The other ridiculous aspect of all of this is that Donald Trump’s proposed solution to the non-existent problem of trade deficits is a trade war that will do nothing about the trade deficit. All it will do is reduce the amount of overall trade. We may import less, but we will also export less. In fact, so far, Trump’s trade war has only increased the trade deficit he keeps griping about.
New data out Wednesday showed the U.S. trade deficit in July widening at its fastest rate since 2015 as monthly deficits with China and the European Union both hit new records. In the year so far, the U.S.’s overall goods and services deficit is up by $22 billion, or 7 percent, versus the same period last year.
So, Trump’s trade war is actually widening the trade deficit he wants to decrease (for no good reason). And, back to his comment about increasing GDP: it is set to do the exact opposite. Because the one thing that trade wars do is reduce the amount of overall trade, which is not good for any economy involved in the trade war.
Andrew Hunter of Capital Economics said the trade data released on Wednesday indicated that after boosting GDP figures in the second quarter, net exports would subtract from it in the second half. In the third quarter, he predicted, net trade would subtract more than a percentage point from GDP growth while the recent surge in the dollar suggested that trade could be a “modest drag” in the fourth quarter too, even before the impact of tariffs starts to take hold.
Not only is the trade war going to reduce GDP, it is also causing inflation.
Steel prices are up more than 40 percent since Trump said on March 1 that he planned to impose a 25 percent tariff on steel imports and a 10 percent levy on aluminum. That is a significant increase that has yet to be passed through to consumers. But it will, and when that happens, potential risks to both the stock market and the economy increase dramatically.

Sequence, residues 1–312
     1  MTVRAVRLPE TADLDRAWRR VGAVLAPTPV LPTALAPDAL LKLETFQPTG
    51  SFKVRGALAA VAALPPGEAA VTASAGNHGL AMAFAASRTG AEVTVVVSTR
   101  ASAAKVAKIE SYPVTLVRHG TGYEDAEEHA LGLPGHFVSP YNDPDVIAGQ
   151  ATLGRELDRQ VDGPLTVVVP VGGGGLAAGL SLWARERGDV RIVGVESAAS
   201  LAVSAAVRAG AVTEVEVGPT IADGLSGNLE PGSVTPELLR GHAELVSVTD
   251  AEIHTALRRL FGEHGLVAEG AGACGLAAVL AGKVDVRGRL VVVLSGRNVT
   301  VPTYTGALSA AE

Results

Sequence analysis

As steel prices rise, it makes major appliances, machinery, trucks and cars, and construction more expensive. Guess what that does to the price of eggs, bacon, milk, orange juice and coffee? Aluminum is in everything from transportation to packaging to cooking utensils. When steel and aluminum prices rise, so too do the prices of refrigerators, dishwashers, stoves — and the cost of your lunch.
And that inflation is eroding any minimal gains that are being made in wages.
Prices rose at their highest clip since 2012 over the past year, the Labor Department reported Thursday.
The 2.9 percent inflation for the 12-month period ending in June is a sign of a growing economy, but it’s also a painful development for workers, whose tepid wage gains have failed to keep pace with the rising prices.
The cost of food, shelter and gas have all risen significantly in the past year. Gas skyrocketed more than 24 percent, rent for a primary residence jumped 3.6 percent and meals at restaurants and cafeterias rose 2.8 percent.
Prices have risen roughly at the same rate as wages, erasing any gains workers may have hoped to realize via bigger paychecks.
Not to mention the damage the trade war has already done to farmers, necessitating an expensive taxpayer bailout.
The Trump Administration has announced a multi-billion dollar aid package for US farmers.
It is being seen as an admission that Americans are being hurt by the president’s protectionist policies.